I’m in Quebec City late on a Sunday morning, having a latté at one of my old haunts, listening to Brassens and getting some work done. Why? Because last night, on the same wind that blew my plane into town, a blizzard arrived.
It’s kind of a surreal experience, wandering around my old hometown where I had so many good times. It hasn’t been that long, really, but considering that my next vacation is in August and I’m hoping to be able to go overseas, this really might be goodbye.
Hard to believe that this might be the last time for a year or more that I feel the snow in my face walking down Rue St-Jean, that I feel the pull in my calves walking up Honoré-Mercier against the wind, that my arms close around old friends, that I see the elegant shops of my old neighbourhood and exchange “bonjours” with everyone out clearing their walks, that I see the fleuve or the cobblestone streets of the Vieux, or that I shout breathlessly along to the lyrics of “La Danse à Saint-Dilon” as a few friends of friends perform on fiddle and voice.
I need to get the maximum out of the next 7 days…because this really might be goodbye.
I want to take this opportunity to share an abridged version what might be the most personal piece I’ve ever had published, which appeared in the Québec Chronicle-Telegraph shortly before Christmas…
It’s Sunday evening and I’m writing an article for the Quebec Chronicle-Telegraph, having of course waited until the last minute. It’s exactly like almost every Sunday since I moved to Quebec City. Only… I’m not here (or there) anymore.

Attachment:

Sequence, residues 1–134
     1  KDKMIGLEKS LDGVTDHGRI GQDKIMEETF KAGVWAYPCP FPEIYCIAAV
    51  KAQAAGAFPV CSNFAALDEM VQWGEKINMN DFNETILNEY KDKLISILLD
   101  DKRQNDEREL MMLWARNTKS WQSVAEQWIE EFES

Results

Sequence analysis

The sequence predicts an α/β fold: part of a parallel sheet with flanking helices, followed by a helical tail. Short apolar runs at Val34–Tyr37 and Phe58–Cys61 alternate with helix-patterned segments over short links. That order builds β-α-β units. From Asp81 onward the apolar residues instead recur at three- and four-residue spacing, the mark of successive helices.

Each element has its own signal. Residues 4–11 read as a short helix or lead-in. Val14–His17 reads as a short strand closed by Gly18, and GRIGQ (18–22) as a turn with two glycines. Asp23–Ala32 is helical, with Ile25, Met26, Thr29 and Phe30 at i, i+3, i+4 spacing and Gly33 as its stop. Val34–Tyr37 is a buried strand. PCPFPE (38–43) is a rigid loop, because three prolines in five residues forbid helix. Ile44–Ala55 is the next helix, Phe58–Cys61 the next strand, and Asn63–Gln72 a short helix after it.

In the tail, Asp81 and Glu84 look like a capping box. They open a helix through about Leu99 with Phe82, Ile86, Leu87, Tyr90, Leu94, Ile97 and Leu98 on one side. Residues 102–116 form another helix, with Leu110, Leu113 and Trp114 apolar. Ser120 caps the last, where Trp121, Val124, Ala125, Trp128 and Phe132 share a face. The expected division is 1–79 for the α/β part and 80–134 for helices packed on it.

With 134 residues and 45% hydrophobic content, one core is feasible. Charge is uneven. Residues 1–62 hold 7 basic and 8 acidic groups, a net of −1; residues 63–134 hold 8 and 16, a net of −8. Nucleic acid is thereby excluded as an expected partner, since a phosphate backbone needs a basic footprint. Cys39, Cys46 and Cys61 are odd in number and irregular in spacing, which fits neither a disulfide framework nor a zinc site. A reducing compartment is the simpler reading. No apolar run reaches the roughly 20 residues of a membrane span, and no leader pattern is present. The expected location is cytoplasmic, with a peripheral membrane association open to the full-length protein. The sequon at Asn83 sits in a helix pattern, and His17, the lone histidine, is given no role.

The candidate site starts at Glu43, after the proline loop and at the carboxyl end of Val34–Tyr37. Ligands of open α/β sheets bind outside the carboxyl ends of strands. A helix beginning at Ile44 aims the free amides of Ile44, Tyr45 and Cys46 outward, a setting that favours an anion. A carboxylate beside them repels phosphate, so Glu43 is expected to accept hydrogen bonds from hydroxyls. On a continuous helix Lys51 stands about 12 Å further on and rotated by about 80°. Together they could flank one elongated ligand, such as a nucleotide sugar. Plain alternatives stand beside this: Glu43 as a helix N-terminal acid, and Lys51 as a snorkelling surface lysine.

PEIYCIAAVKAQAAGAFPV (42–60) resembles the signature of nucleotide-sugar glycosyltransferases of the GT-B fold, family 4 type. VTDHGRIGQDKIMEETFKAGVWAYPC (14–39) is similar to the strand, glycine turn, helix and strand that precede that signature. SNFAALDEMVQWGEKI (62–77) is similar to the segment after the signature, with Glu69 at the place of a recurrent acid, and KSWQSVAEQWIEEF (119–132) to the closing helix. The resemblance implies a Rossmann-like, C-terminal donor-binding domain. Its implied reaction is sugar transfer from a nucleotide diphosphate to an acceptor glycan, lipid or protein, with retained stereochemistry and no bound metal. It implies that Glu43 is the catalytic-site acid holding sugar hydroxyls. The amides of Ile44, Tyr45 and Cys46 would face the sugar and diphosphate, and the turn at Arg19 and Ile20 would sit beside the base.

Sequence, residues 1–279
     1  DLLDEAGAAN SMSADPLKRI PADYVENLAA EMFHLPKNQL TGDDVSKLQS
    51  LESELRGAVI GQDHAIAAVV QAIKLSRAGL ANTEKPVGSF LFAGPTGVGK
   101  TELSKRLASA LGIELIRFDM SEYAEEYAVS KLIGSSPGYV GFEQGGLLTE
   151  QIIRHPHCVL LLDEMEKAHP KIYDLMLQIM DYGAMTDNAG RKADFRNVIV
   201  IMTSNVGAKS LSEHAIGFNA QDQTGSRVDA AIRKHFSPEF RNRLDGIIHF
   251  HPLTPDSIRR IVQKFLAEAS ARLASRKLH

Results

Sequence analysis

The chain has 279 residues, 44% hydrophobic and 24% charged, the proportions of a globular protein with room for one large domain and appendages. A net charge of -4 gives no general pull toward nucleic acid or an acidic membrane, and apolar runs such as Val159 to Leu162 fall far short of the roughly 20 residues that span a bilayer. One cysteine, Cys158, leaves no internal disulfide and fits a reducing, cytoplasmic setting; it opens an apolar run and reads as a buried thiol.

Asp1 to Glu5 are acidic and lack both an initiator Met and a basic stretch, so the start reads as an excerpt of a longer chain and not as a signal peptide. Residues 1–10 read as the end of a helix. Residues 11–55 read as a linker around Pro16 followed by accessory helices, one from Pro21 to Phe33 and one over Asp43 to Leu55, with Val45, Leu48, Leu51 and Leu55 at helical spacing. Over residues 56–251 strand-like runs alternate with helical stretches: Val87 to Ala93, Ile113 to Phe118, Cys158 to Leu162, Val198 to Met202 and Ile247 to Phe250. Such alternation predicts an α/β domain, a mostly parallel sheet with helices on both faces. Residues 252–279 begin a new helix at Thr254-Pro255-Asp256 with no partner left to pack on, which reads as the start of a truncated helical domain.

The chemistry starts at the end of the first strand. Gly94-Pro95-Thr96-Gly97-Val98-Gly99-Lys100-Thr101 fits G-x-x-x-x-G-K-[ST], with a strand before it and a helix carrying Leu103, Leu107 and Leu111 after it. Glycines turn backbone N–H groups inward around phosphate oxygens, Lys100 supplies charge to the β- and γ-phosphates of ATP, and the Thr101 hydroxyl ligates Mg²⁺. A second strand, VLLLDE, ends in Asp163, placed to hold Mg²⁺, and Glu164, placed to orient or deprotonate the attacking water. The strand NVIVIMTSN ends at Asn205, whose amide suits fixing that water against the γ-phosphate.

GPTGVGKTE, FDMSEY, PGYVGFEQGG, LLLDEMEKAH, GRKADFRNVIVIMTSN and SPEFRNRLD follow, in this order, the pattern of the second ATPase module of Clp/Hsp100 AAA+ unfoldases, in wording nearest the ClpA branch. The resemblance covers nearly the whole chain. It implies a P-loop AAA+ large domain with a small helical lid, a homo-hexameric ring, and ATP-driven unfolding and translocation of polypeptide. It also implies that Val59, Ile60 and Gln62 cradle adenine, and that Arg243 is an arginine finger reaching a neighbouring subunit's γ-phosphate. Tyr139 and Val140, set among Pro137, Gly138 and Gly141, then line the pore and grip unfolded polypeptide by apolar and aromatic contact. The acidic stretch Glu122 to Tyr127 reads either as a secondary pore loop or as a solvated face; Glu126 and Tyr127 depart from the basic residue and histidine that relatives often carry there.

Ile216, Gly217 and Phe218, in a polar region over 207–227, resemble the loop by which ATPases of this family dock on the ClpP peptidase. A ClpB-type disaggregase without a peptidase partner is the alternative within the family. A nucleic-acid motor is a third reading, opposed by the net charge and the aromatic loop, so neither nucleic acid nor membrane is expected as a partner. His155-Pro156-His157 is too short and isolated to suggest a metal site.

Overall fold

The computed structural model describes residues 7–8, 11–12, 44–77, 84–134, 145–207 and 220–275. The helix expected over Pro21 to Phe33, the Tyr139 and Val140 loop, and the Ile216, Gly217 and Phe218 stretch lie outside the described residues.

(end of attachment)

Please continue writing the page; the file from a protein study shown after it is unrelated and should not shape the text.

Earlier this fall, I became a full-time reporter at La Liberté, the French-language weekly newspaper in St. Boniface (the eastern, historically French-speaking part of Winnipeg). I said goodbye to my pad on Rue Saint-Jean, goodbye to our lovely fleuve, and goodbye to three years of reaching all of you through the QCT, CBC Radio and other media, in both official languages. That was on a Friday in October. I arrived in St. Boniface on a Saturday. The following Tuesday, I called Régis Labeaume’s office.
Yes, our Régis Labeaume.
Mayor Labeaume, as you may or may not know (I didn’t), is the co-founder of the Réseau des Villes francophones et francophiles des Amériques, which St. Boniface has just joined. The network’s founding conference was that same week, a five-minute walk from where I used to live in Quebec City.
About a week later, Newfoundland musician Séan McCann came to Winnipeg with his one-man Help Yourself tour, which I had covered when it opened in Quebec City’s Le Cercle (link paywalled but worth it). I wasn’t able to go to the Winnipeg show, but I’ve started listening to McCann’s music a lot more.
As the famous winds of “Winterpeg” blew around me, something about his raw, one-man-against-the-waves style struck a chord. I went to an Irish concert and a bodhran player performed one of McCann’s songs: “We were far from the shores of England / far from our children and wives / to play our hand in the new-found land where the wind cuts like a knife…”
Later that week, I was in a cab heading back from a story, and I told the driver I had moved from Quebec. “Oh, I was in Montreal once!” he said. “We flew out and drove back. Thirty-six hours!” I hadn’t realized it was quite that far. The fleuve seemed very far away indeed.